iFIT Adds $355M in Funding Amid Layoffs, Leadership Shakeup

iFIT

From record revenues to waning demand, connected fitness frontrunners are correcting course.

Need to know: Equipment maker iFIT Health & Fitness secured a $355M investment amid a company-wide restructuring, including layoffs and leadership shakeup.

Of note, iFIT’s valuation was trimmed to $3B in the new funding round, a 60% reduction from its previous $7B+ mark, per Bloomberg.

Behind the scenes. On the heels of job cuts made in December, iFIT announced a new round of layoffs last week.

The company declined our request for specifics on the number of people impacted. However, iFIT shared details on related developments:

  • Co-founder and chairman Scott Watterson is relinquishing the CEO role, handing the reins to newly appointed co-presidents Steve Barr (chief financial officer) and Mark Watterson (chief experience officer).
  • The company “amicably resolved” a $300M lawsuit with existing investor Pamplona Capital Management.

For context. Parent company of NordicTrack, ProForm, and Kayla Itsines-founded SWEAT, among other fitness brands, iFIT pulled the plug on a planned $650M IPO last year.

Since then, the company has reportedly burned capital as expenses rose and sales of its home fitness equipment declined.

On the bright side. With 7.3M subscribers across 120 countries, and revenue of more than $1.7B in fiscal 2021, the company said the restructuring will make it “stronger and leaner” going forward.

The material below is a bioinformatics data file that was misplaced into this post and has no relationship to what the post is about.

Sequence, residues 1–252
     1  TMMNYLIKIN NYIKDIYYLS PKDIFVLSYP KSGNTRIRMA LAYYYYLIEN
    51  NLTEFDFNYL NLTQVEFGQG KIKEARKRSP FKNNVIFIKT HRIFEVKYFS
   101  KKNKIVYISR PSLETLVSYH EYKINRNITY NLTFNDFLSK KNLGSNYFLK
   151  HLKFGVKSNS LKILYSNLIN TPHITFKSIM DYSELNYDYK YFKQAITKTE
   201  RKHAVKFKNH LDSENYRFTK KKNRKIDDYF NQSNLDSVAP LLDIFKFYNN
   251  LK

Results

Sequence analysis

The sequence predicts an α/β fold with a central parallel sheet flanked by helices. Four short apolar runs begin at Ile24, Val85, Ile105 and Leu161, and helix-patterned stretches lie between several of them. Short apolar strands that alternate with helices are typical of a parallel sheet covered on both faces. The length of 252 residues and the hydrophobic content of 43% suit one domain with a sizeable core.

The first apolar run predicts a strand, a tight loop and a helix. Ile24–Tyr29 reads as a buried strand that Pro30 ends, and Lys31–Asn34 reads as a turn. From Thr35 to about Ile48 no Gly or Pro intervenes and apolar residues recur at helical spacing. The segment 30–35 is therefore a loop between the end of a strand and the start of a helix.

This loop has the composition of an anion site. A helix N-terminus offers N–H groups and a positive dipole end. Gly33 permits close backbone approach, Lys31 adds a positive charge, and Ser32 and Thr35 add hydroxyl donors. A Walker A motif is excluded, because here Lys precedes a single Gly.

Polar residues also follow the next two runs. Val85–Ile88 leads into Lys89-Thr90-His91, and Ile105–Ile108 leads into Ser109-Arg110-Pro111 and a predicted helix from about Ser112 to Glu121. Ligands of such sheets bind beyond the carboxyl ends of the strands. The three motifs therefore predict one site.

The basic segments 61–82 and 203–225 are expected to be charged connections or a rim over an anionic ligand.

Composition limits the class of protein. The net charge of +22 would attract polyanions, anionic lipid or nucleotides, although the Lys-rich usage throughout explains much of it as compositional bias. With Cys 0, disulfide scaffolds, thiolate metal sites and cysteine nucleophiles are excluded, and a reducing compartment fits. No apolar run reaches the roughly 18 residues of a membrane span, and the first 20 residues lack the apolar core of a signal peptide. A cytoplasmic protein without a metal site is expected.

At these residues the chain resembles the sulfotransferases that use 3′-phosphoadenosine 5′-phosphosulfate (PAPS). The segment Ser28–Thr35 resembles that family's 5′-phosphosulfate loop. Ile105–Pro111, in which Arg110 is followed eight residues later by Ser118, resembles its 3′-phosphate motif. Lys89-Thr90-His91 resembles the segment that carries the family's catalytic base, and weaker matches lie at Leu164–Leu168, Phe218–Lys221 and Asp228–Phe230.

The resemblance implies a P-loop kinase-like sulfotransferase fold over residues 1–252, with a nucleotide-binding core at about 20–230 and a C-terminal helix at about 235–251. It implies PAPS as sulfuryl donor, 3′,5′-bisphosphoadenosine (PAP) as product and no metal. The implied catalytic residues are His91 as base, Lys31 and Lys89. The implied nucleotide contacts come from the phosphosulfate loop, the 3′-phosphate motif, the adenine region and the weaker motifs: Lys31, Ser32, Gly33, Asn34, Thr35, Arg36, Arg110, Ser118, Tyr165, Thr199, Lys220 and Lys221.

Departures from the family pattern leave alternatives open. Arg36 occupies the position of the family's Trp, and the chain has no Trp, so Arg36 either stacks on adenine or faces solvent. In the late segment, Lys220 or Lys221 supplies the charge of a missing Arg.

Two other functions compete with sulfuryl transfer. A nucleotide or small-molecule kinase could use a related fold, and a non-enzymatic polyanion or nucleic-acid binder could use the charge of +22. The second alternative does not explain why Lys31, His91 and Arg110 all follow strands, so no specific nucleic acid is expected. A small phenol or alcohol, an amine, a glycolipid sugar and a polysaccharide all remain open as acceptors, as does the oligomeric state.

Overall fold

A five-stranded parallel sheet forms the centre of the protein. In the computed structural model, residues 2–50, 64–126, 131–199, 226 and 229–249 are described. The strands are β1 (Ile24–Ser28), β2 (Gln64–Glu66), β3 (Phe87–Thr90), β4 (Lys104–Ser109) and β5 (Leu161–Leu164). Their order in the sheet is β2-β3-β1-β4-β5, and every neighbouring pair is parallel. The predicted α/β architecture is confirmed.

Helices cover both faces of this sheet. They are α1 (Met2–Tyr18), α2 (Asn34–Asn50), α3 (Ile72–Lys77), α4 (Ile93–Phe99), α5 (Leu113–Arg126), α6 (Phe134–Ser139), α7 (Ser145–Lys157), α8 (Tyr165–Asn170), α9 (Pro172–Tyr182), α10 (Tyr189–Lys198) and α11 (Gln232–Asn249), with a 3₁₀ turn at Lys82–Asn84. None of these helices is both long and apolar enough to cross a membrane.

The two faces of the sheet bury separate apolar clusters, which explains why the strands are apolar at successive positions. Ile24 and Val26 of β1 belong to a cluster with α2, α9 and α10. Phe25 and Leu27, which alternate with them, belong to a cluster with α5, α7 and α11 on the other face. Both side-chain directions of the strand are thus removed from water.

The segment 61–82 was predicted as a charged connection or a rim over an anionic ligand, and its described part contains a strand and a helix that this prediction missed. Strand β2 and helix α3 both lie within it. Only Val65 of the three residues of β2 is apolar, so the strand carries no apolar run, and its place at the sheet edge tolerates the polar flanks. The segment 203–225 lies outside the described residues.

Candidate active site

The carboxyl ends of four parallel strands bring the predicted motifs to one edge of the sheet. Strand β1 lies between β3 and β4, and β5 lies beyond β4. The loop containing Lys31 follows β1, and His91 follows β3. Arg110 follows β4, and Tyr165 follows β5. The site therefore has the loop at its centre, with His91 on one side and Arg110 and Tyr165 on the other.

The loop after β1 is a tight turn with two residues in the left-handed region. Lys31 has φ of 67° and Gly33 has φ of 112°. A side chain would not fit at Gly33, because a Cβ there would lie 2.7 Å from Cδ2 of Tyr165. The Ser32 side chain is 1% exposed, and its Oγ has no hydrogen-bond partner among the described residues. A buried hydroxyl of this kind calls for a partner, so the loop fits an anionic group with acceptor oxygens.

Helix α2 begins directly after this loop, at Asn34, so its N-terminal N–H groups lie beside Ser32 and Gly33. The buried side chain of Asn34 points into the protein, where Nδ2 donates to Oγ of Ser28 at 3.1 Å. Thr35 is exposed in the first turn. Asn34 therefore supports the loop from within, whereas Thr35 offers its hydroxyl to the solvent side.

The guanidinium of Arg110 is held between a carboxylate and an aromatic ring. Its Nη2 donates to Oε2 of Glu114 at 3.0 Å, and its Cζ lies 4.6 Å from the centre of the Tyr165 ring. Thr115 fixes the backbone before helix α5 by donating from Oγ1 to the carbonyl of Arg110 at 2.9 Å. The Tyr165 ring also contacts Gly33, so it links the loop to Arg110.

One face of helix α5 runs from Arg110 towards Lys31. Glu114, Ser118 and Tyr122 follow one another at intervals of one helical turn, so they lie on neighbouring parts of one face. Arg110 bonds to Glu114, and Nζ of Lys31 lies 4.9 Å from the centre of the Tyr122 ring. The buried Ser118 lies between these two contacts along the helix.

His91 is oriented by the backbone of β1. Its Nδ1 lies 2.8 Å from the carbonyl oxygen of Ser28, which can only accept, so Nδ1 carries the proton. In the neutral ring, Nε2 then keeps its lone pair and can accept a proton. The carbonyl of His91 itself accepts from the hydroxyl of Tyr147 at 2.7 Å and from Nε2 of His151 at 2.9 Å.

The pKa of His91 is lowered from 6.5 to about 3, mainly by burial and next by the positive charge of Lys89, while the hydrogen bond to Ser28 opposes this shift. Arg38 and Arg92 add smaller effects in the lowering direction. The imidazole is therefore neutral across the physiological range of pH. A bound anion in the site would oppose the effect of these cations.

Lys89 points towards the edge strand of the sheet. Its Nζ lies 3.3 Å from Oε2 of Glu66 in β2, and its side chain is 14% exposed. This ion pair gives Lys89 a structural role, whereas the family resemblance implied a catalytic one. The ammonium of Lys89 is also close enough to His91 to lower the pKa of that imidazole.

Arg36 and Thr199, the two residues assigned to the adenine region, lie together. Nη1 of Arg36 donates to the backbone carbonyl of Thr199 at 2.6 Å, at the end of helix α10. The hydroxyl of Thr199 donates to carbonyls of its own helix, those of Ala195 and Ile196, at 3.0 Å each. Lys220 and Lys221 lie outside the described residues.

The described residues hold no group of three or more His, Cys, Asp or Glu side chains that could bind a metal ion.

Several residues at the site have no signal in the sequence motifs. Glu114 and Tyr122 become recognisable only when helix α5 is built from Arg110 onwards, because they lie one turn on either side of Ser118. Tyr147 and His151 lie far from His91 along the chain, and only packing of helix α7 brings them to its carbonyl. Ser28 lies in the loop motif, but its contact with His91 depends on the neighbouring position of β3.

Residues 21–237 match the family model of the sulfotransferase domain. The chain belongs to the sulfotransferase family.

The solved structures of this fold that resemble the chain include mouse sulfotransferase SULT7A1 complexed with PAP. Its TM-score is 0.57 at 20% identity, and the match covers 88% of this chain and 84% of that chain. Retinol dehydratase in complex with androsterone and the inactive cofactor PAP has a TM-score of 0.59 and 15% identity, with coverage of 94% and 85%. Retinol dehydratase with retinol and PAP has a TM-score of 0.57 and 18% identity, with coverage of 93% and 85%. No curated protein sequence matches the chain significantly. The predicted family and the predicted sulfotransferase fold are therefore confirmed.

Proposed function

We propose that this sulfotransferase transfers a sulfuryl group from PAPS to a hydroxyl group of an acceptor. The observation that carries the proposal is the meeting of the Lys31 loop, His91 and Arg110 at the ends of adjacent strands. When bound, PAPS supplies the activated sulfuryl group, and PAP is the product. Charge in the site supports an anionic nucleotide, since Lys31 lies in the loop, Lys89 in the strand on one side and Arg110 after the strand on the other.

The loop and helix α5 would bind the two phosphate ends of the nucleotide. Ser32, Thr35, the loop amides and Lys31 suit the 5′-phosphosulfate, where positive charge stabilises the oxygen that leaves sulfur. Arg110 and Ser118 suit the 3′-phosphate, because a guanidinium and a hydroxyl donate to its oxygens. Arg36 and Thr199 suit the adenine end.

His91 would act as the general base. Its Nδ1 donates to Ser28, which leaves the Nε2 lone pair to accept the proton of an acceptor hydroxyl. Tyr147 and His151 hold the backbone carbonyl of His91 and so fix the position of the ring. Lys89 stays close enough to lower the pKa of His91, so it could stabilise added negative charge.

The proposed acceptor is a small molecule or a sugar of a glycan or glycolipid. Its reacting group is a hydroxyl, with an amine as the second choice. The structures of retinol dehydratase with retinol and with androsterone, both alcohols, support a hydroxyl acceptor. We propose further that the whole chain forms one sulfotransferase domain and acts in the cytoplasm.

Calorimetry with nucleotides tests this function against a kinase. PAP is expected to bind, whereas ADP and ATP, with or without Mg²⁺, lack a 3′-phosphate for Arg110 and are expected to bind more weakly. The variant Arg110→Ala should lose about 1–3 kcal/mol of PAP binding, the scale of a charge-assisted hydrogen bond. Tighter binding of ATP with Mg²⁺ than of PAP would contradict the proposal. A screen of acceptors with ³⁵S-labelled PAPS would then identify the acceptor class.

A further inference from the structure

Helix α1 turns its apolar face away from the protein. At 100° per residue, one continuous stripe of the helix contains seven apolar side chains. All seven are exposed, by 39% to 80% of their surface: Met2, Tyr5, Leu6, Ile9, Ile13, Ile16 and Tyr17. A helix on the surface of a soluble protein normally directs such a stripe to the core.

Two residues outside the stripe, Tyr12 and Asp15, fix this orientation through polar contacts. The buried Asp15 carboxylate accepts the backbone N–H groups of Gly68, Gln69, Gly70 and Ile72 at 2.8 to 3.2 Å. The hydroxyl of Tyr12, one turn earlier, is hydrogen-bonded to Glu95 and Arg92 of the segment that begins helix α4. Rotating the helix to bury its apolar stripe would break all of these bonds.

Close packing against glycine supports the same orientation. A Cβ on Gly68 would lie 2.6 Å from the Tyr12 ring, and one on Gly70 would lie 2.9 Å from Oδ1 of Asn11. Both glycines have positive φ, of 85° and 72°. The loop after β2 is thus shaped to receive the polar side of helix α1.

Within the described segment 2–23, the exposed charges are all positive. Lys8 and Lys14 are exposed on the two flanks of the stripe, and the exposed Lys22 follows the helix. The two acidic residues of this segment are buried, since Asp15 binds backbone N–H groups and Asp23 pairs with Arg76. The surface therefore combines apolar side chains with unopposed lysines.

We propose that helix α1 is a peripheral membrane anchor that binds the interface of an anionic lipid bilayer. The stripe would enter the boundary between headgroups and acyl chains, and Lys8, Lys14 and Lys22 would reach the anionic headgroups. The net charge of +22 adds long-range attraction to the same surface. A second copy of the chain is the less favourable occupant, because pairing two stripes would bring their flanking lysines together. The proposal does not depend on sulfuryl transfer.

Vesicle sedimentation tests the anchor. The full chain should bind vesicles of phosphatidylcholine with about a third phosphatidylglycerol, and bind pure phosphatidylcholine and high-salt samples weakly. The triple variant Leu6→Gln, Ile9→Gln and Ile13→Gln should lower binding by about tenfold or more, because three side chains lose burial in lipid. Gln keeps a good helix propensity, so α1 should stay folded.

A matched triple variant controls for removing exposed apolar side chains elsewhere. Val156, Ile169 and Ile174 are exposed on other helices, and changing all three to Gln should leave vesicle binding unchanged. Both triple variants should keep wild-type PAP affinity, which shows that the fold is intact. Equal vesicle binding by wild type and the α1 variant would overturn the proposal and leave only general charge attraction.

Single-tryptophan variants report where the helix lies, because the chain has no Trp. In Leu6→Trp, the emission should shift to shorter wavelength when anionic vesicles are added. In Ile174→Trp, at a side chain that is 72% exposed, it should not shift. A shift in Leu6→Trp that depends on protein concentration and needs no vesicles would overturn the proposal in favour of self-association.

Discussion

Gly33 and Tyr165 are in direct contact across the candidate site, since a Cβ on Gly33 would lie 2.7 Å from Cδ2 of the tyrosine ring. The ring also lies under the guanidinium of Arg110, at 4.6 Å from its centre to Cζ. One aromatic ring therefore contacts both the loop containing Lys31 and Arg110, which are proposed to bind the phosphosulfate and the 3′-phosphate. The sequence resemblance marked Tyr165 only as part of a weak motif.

Zooming out: As we detailed in Issue No. 169, after two years of on-again, off-again gym closures and a workout-from-home boom, the fitness industry is recalibrating.

From Peloton and MIRROR to Beachbody and, now, iFIT, home fitness brands are battling reopening headwinds. While a gym resurgence and slowing sales are partly to blame, chasing growth at all costs is proving to be, well… quite costly.

As Peloton laid off 2,800 employees and enlisted a new CEO, founder John Foley said the company had been “undisciplined.” Similarly, iFIT said a “lack of focus” can result from high growth.

Now, both companies have their work cut out for them as they plot a new, more realistic path forward.

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